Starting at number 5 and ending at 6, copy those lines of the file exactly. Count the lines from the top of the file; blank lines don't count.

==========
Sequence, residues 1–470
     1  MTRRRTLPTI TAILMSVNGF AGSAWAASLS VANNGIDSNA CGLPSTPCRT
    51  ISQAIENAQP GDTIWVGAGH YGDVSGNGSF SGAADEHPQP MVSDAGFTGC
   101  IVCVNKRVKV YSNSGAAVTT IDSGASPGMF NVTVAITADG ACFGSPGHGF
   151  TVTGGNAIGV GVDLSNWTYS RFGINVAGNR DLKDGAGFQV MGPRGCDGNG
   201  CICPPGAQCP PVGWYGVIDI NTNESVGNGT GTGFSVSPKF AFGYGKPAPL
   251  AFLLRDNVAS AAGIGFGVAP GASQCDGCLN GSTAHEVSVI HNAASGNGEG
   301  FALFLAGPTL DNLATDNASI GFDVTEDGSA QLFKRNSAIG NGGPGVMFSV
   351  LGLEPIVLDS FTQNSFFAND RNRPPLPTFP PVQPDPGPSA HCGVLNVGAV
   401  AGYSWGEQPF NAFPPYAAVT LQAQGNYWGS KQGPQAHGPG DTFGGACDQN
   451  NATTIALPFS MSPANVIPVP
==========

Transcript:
   151  TVTGGNAIGV GVDLSNWTYS RFGINVAGNR DLKDGAGFQV MGPRGCDGNG
   201  CICPPGAQCP PVGWYGVIDI NTNESVGNGT GTGFSVSPKF AFGYGKPAPL